I Think Shafer’s a Mormon
    Footnotes
    Theme

    “I Think Shafer’s a Mormon,” Ensign, Mar. 1996, 64–65

    “I Think Shafer’s a Mormon”

    One summer afternoon in 1974, my roommates and I at the United States Naval Academy were in the middle of the infamous “Plebe Summer,” when freshmen at the academy undergo the rigorous transition from civilian to military life. We were dutifully shining our shoes in our quarters one afternoon when one of my roommates broke the silence with, “I think Shafer’s a Mormon.”

    Midshipman First Class Michael Shafer was our platoon leader. Since I had never heard the term Mormon before, I said, “Oh, yeah? How can you tell?”

    “Well,” my roommate replied, “he always bows his head during prayer at mealtime, and he doesn’t drink iced tea or coffee when I pass it to him.”

    “Oh!” I said, “Mormon must be his religion!”

    During that summer, some of the senior midshipmen believed that plebes needed to be humbled through various degrees of harassment. Shafer, however, seemed to adhere to a different philosophy. He worked hard to help us cultivate our strengths and teach us leadership skills and teamwork. He expected us to perform well and held us personally accountable for our actions. He also seemed to be keenly aware of our needs and took a personal interest in each of us.

    One day, just prior to the academic year, he sat us down to have a heart-to-heart talk about what we could expect in the months to follow. We were about to meet the rest of the brigade of midshipmen who had been training with the fleet all summer. As Shafer spoke about the challenges ahead, our fears were put to rest. I thought to myself, Shafer will be there to watch over us.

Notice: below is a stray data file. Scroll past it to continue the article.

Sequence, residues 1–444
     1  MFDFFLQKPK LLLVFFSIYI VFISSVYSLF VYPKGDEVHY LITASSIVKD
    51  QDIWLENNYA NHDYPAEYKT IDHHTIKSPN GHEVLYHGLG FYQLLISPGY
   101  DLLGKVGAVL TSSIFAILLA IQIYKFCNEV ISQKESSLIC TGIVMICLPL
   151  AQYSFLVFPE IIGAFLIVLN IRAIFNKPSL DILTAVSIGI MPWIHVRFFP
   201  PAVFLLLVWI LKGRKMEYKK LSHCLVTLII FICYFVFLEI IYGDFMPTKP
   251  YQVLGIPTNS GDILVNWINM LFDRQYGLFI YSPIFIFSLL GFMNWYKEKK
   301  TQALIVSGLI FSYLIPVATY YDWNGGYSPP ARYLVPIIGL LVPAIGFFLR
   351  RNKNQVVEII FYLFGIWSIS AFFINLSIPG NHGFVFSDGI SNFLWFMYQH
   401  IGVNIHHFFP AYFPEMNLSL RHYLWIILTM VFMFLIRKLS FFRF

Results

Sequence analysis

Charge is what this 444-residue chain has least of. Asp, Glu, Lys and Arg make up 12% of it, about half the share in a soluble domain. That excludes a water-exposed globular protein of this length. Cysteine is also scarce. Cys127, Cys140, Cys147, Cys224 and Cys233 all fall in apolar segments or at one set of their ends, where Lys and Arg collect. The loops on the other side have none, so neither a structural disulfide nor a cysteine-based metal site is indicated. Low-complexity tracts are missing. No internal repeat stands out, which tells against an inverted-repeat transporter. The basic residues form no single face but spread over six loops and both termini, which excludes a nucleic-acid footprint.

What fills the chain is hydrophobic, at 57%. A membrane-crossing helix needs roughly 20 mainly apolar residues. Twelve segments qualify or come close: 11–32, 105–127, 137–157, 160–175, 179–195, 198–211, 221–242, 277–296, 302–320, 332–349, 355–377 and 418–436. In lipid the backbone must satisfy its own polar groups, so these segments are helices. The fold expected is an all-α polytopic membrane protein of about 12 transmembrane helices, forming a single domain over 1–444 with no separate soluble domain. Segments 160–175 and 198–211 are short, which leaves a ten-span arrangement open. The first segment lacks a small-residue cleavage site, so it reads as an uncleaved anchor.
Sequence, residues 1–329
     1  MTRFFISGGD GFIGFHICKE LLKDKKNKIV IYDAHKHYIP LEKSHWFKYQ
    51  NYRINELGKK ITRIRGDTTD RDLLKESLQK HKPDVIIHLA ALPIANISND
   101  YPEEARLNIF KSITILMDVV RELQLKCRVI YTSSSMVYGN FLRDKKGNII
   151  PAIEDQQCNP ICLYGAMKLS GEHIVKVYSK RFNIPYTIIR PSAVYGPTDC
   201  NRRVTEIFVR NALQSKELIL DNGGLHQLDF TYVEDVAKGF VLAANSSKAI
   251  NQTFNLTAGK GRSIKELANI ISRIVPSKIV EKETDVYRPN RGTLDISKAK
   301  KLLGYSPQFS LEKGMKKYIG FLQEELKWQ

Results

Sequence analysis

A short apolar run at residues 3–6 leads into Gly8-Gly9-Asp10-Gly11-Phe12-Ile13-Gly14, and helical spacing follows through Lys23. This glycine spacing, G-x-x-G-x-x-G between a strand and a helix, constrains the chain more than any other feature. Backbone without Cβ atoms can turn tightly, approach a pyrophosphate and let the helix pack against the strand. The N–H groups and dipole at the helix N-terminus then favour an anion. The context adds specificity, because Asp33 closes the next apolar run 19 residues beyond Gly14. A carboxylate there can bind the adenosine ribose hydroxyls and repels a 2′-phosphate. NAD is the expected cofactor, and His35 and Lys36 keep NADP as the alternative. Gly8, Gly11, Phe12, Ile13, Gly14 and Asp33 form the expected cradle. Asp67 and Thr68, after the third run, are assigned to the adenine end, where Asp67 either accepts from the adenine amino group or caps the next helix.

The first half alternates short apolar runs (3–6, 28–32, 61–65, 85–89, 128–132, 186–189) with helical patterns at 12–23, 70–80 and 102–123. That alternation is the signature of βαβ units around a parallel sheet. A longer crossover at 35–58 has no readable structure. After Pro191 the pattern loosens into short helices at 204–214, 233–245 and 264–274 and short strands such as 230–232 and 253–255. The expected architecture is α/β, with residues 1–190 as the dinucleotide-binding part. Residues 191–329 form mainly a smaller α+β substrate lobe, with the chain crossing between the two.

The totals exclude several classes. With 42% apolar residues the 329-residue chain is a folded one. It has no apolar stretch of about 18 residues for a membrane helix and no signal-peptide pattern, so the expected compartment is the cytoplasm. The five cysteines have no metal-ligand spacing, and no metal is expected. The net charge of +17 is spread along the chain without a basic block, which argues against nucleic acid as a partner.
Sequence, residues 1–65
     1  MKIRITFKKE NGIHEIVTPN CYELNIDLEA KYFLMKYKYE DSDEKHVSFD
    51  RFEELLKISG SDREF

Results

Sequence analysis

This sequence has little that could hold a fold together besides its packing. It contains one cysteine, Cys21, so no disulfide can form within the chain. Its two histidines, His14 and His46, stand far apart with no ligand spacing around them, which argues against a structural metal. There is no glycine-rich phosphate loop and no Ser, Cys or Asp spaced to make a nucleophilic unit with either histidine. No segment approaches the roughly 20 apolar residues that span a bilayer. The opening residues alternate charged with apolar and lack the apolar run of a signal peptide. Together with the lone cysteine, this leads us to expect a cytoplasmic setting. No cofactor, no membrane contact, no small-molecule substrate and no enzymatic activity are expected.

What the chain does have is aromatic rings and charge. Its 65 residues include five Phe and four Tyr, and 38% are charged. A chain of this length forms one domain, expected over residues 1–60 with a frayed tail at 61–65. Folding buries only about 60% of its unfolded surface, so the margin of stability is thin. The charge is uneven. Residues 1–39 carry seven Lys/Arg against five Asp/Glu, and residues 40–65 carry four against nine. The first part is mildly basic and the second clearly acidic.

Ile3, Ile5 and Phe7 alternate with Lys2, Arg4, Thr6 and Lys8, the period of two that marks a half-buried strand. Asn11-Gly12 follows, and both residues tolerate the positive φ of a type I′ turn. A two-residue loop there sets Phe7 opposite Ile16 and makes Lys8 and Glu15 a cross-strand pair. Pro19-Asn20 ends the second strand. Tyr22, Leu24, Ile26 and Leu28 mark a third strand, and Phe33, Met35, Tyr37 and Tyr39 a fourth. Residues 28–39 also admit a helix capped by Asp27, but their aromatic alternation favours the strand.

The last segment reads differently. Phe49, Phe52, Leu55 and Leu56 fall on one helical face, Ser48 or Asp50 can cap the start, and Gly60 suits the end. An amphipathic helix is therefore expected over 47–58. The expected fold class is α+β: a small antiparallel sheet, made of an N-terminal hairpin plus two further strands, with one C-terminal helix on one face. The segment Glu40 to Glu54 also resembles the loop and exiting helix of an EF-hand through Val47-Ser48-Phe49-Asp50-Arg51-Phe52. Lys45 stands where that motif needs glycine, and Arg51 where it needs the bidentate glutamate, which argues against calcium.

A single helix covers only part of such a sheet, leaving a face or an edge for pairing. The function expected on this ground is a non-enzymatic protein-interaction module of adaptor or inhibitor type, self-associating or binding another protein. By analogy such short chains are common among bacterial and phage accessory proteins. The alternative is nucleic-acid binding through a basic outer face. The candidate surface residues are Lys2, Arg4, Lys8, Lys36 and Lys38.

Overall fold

Then one Saturday evening two of Shafer’s classmates returned from a night out partying. Drunk, they decided to have some fun at our expense. Just as things began to get dangerously out of hand, Shafer showed up. He walked directly to his classmates, said a few quiet words, and put them to flight.

    I was amazed. These guys were both ten inches taller than Shafer. But he wasn’t intimidated. In fact, he didn’t even raise his voice. I learned a valuable lesson that night: you don’t have to raise your voice to get your point across.

    On another occasion damaging gossip about a midshipman raged throughout the brigade. Shafer pulled us aside and cautioned us not to judge this person without facts to back up the accusations. He asked us not to be part of spreading rumors, because they could eventually distort truth and destroy a life.

    I thought then, Here’s a person who keeps his head on straight. As a group we made the effort to remove ourselves from the spreading rumors.

    Shafer graduated the next summer, but his lessons in leadership and example left their mark on many of us. Two of us were baptized while in training at the naval academy. Shafer’s example played a key role in my decision. I will never forget the words that changed my life that summer: “I think Shafer’s a Mormon.”